Faust said...

Imagine the following scenario:

You, a human animal, elect to undergo a new and extremely advanced surgery in order to extend your life and give you new capacities. What the surgery does is replace every single one of your organic components with a mechancial one.

First they replace your legs, then your arms, then your torso, then each of your vital organs. Mechanical heart, mechanical stomach, mechanical lungs, mechanical muscles, etc etc. Eventually of course they give you a mechanical head with a mechanical brain.

Because this is a very advanced surgery, they are able to exactly replicate all of the relevant brain functions such that you precisely the same memories, inclinations, dispositions and thoughts as you did prior to the procedure. All of your friends and family are quite certain that "you" are still "you." Certainly YOU are still certain you are "you."

Clearly "you" are no longer an animal, you are a machine. Also clearly you are a still a person, perhaps the same person.

Such a story seems to be the basis that many philosophers have that we simply cannot be human animals that happen to have a partiular first person perspective. There seems to be no logical barrier to extending that selfhood to some other "vessel." Perhaps there is a metaphysical impossibility here, but not a lgoical one.

The story is instructive in this additional way: I think no one has any difficulty thinking that someone who has their arms and legs replaced (or merely removed) is still the same person (at least in a moral sense). Similarly if all the organs in your chest were replaced by working replicas. But when it comes time to replace the brain: this is where we run into trouble. Why do we even bother with the animal? Are persons not clearly coextensive with brains? The animal body seems a clear superfluity except insofar as the body needs to feed the brain particular kinds of stimulus.

Jean Kazez said...

Faust-- That's a very helpful comment. There are various standard "moves" but I want to ponder carefully. Will come back to it soon.

Alan Cooper said...

It seems to me that "entification" is not something that "happens" in the external world but rather just amounts to the attachment of labels by thinking beings. And as such it is indeed happening all the time. It may be a mistake to yield to the "seduction by grammar" and expect that the structure of our language can really be mapped exactly onto that of reality.

Torquil Macneil said...

I wonder if the Jack O Lantern example looks different if we replace it with something that would generally be called art. If Titian takes a canvas and adds some pigment mixed to oil with it and keeps doing that until he finishes and calls it Apollo and Daphne, is it absurd to think that some new essential entity has come into being rather than the canvas merely having acquired some new properties? Isn't that part of the reason that we respond so strongly to art in many cases?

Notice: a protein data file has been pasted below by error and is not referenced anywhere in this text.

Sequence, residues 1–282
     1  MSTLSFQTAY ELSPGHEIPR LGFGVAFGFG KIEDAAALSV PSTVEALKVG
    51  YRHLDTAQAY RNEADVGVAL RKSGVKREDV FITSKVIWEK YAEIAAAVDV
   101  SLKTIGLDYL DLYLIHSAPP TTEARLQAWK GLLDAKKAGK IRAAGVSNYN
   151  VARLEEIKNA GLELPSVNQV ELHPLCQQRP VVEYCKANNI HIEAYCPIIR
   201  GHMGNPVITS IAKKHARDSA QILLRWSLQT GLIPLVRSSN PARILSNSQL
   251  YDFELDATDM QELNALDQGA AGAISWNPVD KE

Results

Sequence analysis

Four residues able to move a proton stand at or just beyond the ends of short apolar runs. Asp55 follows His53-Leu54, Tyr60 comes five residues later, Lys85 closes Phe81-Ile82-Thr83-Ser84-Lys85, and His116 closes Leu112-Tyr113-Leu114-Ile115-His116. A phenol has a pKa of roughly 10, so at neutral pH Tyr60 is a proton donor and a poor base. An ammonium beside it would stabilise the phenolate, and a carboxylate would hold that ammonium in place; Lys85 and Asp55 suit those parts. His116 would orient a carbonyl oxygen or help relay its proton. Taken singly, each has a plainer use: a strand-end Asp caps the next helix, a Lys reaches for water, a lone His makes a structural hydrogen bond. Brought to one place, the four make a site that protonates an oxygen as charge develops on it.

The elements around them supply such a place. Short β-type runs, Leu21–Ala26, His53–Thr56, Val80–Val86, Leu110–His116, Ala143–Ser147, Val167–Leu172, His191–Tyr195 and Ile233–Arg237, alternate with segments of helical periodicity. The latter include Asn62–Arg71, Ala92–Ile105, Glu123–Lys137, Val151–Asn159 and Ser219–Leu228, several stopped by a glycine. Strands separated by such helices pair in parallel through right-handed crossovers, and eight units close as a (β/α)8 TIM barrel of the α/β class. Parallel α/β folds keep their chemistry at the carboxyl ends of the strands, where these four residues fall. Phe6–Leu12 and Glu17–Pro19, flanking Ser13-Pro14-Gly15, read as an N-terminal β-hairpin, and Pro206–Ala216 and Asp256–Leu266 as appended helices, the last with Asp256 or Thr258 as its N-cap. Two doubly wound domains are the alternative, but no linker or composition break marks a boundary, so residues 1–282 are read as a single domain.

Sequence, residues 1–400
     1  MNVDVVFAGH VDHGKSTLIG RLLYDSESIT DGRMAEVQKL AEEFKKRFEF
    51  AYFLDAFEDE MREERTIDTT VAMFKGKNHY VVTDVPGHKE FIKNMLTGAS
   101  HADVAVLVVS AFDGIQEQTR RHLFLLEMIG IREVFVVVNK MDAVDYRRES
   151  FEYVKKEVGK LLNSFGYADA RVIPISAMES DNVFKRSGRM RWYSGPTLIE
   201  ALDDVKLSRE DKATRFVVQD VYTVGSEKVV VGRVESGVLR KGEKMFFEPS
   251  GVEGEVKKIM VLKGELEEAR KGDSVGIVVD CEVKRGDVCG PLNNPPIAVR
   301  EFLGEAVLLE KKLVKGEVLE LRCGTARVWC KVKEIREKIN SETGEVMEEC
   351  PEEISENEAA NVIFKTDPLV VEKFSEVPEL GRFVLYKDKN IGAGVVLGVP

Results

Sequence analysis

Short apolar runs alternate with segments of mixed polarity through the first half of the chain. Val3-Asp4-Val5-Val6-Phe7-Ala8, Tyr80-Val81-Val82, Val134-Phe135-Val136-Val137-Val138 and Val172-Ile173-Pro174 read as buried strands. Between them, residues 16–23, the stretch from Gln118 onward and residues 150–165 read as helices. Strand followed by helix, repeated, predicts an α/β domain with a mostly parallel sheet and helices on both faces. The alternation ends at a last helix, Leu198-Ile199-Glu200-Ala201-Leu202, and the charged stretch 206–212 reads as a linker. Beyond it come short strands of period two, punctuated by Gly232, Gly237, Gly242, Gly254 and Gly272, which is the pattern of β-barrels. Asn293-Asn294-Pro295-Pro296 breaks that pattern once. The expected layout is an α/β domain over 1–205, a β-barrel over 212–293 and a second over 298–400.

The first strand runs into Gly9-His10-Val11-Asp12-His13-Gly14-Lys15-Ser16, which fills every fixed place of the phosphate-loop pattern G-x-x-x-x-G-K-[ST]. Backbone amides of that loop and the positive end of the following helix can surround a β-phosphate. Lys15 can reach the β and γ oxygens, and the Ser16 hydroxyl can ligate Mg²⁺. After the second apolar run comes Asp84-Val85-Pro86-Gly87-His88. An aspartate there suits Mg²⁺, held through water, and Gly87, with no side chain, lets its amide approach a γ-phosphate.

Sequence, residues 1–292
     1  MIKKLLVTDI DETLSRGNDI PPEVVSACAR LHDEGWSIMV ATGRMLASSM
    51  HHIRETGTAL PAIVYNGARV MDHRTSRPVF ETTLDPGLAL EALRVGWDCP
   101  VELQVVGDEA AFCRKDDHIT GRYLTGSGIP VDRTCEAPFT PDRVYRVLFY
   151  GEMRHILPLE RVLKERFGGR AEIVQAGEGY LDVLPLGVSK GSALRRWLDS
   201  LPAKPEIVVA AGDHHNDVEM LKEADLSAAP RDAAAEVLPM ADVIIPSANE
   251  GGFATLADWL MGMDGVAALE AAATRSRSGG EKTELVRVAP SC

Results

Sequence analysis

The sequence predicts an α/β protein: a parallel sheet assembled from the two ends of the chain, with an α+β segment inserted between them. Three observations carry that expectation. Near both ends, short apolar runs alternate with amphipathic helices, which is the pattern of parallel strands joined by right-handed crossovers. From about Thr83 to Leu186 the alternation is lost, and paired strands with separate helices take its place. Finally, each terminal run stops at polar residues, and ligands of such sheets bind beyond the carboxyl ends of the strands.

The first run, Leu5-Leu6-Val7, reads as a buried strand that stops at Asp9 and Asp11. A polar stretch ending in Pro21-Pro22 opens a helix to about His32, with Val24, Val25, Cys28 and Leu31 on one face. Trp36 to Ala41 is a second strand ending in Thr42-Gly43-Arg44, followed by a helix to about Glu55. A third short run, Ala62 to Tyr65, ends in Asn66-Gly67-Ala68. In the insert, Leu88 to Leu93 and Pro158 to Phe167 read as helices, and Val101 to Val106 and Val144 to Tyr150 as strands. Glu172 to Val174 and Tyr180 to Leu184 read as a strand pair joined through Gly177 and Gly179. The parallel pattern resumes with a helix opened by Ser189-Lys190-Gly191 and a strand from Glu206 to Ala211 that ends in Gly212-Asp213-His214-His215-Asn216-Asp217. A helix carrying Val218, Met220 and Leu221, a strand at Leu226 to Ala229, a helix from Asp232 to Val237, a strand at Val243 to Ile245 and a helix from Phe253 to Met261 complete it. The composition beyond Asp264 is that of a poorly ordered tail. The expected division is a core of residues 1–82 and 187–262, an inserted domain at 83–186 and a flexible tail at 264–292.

Jean Kazez said...

Faust ... OK, gave it some thought! I think we could say various things rather than believe in persons as entities distinct from animals.

One option is to say that replacing bits of me so that all functionality is retained, down to the cellular level, makes me persist as an animal. What's so super-special about biological ingredients?

Another thing you could say is that the persisting thing in that thought experiment is a very special kind of body--an animal only contingently and at first, but not essentially. You can believe something persists in that scenario without postulating persons distinct from bodies.

Then again, I get nervous when people say mental properties can be preserved, even with all of those replacements, and even more nervous about the supposition that the very same person continues to exist. There are big problems with that assumption.

Alan, That's what I probably think too, but I can see why the entifiers will not give in without a fight. I think we need a really good reason to think the entification story makes no sense...basically because it's quite popular among philosophers.

Torquil, Yeah, people like that story about art works, and not so much about pumpkins. But if entification works with art works, there's no limit to where it might work. Those who believe in this stuff don't seem to be able to give a principled account of when new entities pop into existence and when they don't. Eric Olson makes that objection very strenuously and convincingly in one of his books.